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ASCL expresses dismay at Education Secretary’s Conservative party conference speech

Kit Malthouse

The Association of School and College Leaders has written to Education Secretary Kit Malthouse expressing our dismay at some of the comments he made in his speech to the Conservative Party Conference on Tuesday. The letter is jointly signed by General Secretary Geoff Barton and President Evelyn Forde.

We are writing to express our dismay at some of the comments you made in your speech at the party conference yesterday, and our concern at what they might presage.

We spent a constructive, we thought, two days at the conference – speaking at a number of fringe events, sometimes alongside one of your ministerial team. At all of those events we highlighted the major challenges currently affecting our schools and colleges. These are the inter-related issues of a severe and worsening lack of funding, a rapidly growing staff recruitment and retention crisis, and the impact of our high-stakes accountability system.

Our 22,000 members, who lead schools and colleges across the UK, are currently extremely worried about their ability to keep their institutions afloat in light of these severe challenges. They are doing everything they can – often at the expense of their own health and wellbeing after a gruelling two and a half years – to continue to provide the high-quality education and support our children and young people deserve.

In this content, we were frankly appalled to hear you talk about people leading and working in our schools and colleges as “hanging on to mediocrity”, and claim that education needs “constant attention and constant pressure” in order to “drive it forward”.

We recognise, of course, that there are some schools and colleges which are performing less well than others. And we share your ambition for all children and young people to be given every opportunity to achieve their potential. This is what drives us and our members.

However, we completely reject your premise that any school or college is “hanging on to mediocrity”. As you rightly recognised in your speech, the vast majority of schools – close to 90%, in fact – are currently rated by Ofsted as good or outstanding. Schools rated as less than good, according to recent research by the Education Policy Institute and University College London, often face a combination of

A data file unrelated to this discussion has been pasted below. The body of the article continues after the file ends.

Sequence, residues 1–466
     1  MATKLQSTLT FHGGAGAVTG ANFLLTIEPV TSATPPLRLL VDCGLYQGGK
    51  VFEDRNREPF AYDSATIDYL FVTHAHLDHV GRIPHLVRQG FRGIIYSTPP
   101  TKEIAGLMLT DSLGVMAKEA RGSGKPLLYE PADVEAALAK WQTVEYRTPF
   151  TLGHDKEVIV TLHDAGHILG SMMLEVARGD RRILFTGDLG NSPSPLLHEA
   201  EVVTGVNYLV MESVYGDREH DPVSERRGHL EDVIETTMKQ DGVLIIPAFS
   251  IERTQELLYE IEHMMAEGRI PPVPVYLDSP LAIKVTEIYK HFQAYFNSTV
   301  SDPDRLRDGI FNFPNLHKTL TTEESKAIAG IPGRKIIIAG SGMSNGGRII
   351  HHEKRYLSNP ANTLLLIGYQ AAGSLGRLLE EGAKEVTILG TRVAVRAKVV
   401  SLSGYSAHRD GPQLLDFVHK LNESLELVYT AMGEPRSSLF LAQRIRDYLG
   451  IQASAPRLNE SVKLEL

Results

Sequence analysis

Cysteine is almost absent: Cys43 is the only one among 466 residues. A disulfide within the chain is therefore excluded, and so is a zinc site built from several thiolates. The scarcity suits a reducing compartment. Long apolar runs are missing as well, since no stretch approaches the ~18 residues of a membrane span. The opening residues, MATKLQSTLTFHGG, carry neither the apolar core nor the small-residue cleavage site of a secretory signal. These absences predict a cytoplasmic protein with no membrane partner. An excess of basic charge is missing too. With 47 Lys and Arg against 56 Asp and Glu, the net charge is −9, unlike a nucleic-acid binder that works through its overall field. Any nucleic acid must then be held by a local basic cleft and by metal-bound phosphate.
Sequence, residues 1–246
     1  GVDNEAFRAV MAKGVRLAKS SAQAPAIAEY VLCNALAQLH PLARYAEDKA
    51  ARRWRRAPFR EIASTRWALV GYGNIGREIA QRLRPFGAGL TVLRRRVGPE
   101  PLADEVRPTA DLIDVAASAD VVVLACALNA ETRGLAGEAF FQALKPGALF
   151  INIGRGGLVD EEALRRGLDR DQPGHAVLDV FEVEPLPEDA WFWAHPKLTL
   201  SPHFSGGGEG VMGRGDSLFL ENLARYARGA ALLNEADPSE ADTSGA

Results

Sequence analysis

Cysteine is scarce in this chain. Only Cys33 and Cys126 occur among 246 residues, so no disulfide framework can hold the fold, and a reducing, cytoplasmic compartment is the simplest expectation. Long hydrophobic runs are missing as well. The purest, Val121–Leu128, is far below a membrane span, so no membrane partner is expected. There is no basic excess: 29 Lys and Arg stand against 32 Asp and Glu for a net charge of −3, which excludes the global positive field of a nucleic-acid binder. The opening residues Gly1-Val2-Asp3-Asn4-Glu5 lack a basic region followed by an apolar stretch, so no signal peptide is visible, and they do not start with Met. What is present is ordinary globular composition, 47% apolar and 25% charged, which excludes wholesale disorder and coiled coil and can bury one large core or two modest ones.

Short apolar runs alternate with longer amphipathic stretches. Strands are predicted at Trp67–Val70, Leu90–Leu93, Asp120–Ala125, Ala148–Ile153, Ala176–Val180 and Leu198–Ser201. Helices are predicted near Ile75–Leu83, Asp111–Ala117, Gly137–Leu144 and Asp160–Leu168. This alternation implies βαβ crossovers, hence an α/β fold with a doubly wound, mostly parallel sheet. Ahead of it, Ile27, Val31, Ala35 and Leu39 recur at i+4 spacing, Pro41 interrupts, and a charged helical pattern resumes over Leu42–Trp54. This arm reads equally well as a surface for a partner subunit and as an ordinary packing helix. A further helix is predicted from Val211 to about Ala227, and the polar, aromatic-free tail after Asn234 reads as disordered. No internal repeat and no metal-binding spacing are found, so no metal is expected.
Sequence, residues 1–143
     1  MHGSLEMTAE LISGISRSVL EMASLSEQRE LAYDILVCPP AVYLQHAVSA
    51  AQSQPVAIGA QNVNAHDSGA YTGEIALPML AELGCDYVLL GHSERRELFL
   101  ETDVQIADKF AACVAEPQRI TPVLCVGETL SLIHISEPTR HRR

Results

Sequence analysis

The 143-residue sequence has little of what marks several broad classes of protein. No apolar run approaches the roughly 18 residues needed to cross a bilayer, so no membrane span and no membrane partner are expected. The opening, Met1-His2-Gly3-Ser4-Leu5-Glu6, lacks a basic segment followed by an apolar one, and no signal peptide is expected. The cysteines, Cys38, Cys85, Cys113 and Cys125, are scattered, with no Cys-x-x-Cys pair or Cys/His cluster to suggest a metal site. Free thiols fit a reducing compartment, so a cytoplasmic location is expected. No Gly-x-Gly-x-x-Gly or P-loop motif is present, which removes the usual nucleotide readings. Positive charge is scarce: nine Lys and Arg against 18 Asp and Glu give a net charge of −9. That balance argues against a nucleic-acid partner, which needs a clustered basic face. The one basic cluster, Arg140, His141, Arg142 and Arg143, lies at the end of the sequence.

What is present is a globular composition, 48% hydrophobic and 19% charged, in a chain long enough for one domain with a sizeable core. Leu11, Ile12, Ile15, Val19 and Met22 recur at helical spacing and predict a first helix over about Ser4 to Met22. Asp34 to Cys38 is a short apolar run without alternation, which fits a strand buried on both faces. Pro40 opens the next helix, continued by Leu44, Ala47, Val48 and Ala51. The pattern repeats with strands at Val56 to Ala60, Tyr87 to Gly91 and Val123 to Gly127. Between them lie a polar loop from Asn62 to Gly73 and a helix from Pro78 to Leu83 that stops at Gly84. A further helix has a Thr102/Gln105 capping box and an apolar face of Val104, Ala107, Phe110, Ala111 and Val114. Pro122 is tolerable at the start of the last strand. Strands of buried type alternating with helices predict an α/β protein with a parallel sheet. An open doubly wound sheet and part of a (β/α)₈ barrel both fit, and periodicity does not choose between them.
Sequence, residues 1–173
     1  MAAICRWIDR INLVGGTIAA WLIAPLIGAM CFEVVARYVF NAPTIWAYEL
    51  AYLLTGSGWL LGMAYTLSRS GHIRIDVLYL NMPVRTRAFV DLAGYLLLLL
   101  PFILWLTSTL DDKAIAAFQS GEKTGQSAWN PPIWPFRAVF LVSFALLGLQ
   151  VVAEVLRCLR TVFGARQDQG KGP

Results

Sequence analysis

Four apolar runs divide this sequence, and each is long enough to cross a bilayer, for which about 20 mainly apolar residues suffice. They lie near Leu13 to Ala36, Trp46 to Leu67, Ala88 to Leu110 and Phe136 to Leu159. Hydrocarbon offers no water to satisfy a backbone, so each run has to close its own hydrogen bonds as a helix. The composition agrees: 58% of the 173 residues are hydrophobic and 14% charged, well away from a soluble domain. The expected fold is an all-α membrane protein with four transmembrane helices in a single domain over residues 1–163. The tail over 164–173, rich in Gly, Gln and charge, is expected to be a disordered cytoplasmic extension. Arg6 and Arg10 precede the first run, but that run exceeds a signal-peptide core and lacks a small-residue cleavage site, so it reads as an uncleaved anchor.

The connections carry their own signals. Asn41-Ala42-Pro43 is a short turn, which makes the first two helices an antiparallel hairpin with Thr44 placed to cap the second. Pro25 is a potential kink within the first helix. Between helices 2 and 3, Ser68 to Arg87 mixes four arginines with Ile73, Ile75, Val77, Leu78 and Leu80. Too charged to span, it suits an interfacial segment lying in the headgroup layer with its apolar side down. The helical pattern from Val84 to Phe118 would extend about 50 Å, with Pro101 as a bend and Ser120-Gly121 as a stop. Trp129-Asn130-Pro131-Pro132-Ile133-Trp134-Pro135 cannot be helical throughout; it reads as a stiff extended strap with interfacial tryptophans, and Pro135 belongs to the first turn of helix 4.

We also strongly refute your suggestion that the answer to improving outcomes in these schools lies in “constant pressure” from government. On the contrary, the extreme pressure already felt by leaders, teachers and support staff is one of the main drivers of the current exodus of staff from our schools and colleges. In a recent survey, ASCL members listed the following factors as reasons they are considering leaving school or college leadership:

  • exhaustion / fatigue (68%)
  • unsustainable workload / working hours (67%)
  • salary (59%)
  • lack of recognition / respect from government (57%)
  • stress (53%)
  • wellbeing (52%)
  • accountability measures (50%)
  • government education policy (50%)
  • pressure from funding restraints (49%)

‘unusually challenging circumstances’, including high teacher turnover, high pupil mobility, more disadvantaged pupils, being located in disadvantaged neighbourhoods, and having higher levels of pupils with SEND. These are not schools which are choosing to be ‘mediocre’; they are schools battling against the odds to do the very best they can for some of our most vulnerable children and young people.

Self-evidently, this is not a problem to which the answer is ‘more pressure from government’. Rather than raising the stakes even higher, and taking cheap shots at a profession already on its knees, your Department should be moving heaven and earth to provide schools and colleges with the funding they need to keep their doors open, the support they need to provide education and care to children and young people with increasingly complex needs, and a functioning pipeline of teachers to staff their organisations. Anything else is mere posturing.

We would appreciate the opportunity to discuss these concerns with you as soon as possible.

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